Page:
“Read at your level.” What the hell does that mean?

Disclaimer:  This post is not directed at teachers, but those making the rules.

“Read at your level.”  I can’t even comprehend that sentence.

What does it mean, oh wise educators rule makers?  Is that your way of telling kids not to learn more than we think they should?  Don’t expand yourself?  Don’t excel because you might make another student look bad?  I’m confuzzled.

I remember as a child my teachers encouraging us to read beyond our grade level.  They wanted us to strive for more than See Spot Run.  My mom read Heidi to me when I was five years old.  I read it by myself at the age of 7.  Soon after that, I read Call of the Wild and White Fang.  I was 8 years old.  A Wrinkle in Time soon followed.  By the time I reached 7th grade, I’d read Ulysses, Homer, The Grapes of Wrath (some of which I didn’t understand at the time), and Great Expectations.  By my sophomore year in high school, I had read Tolstoy, Tolkien, Ayn Rand, Hemingway, Frank Yerby, Twain and many others.  I had an insatiable thirst for books and was never content at ‘reading at my level’.

Can someone please explain to me what ‘read at your level’ means, and who determines such nonsense?  Sure, we all have to start somewhere, but by the time a kid leaves 1st grade, unless they have a learning difficulty, they should have the basics of reading down.  It then becomes a matter of the child learning new words and what they mean and developing comprehension (which comes from more reading).  Of course, grammar, and punctuation follow, but I have to tell you , I learned more words and how to use and write them from reading than I ever did from tests.

I can’t tell you how many times I’ve heard agents and editors in the past year or so tell authors not to put big words in YA novels because teens don’t want to stop and look up what a word means.  Say what???  As a child, my teachers encouraged us to keep a dictionary at our side when we read. They encouraged us to increase our vocabulary, to learn how words are used. I am thunderstruck that some teachers nowadays not only don’t encourage the use of dictionaries and thesauruses, but discourage young people to read books that are not suitable to their grade level.  Really?  This is the most insane, idiotic notion I think I’ve ever heard.  Hey, you school system, core curriculum weirdos, please explain?  Do you want our kids to not strive beyond their comfort zones?  Do you really want them to go unchallenged?  Are you trying to keep them ‘dumbed down’?  Do you know there are studies out there that show struggling readers improve their comprehension and reading skills when placed with more advanced readers?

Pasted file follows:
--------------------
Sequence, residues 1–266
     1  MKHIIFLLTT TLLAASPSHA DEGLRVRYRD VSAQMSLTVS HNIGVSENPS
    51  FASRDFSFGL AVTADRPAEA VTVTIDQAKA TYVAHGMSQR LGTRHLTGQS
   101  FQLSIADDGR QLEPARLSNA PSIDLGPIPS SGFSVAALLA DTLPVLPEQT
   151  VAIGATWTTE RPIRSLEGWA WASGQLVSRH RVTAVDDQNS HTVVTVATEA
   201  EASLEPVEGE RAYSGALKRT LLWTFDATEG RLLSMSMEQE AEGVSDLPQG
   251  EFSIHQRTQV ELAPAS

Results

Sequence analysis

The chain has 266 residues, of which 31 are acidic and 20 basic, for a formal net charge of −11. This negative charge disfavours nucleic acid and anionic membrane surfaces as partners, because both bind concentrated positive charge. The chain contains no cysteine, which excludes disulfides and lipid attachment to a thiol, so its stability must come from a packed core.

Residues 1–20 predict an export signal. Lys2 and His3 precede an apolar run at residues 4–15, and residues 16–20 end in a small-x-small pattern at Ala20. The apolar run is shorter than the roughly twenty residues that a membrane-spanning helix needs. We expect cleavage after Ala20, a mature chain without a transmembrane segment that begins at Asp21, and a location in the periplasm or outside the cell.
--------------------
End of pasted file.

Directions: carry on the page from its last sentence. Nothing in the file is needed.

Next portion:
I’m not saying kids need to stray totally out of their comfort zone, and I’m not talking about struggling readers.  That’s where staying in your comfort zone and sticking to what you like to read is sooo beneficial.  No, I’m talking about your average kid in school who is told by their teachers not to pick books to read outside their age-appropriate level.


Now, I don’t believe jumping from Old Yeller to books by Frederick Nitche is wise, but kids should always be pushing the envelope when they read. And with dictionaries and thesauruses so readily available on phones, tablets and computers, there is no reason why kids shouldn’t be encouraged to look up a word or two they stumble upon while reading.

So, parents, go on and keep reading age-appropriate books to your little one, but every now and then throw in The Hobbit, Great Expectations, Harry Potter or Watership Down. Expand their minds.  Feed their imaginations.  Increase their vocabulary.  Shower them with your love for the written words.  Don’t dumb them down.  They’ll thank you later when they’re graduating at the top of their class, with honors coming out of their ying yangs.

“Read at your level?”  Ha!  Never!

So, what do you think?  What was the most difficult book you read as a child?

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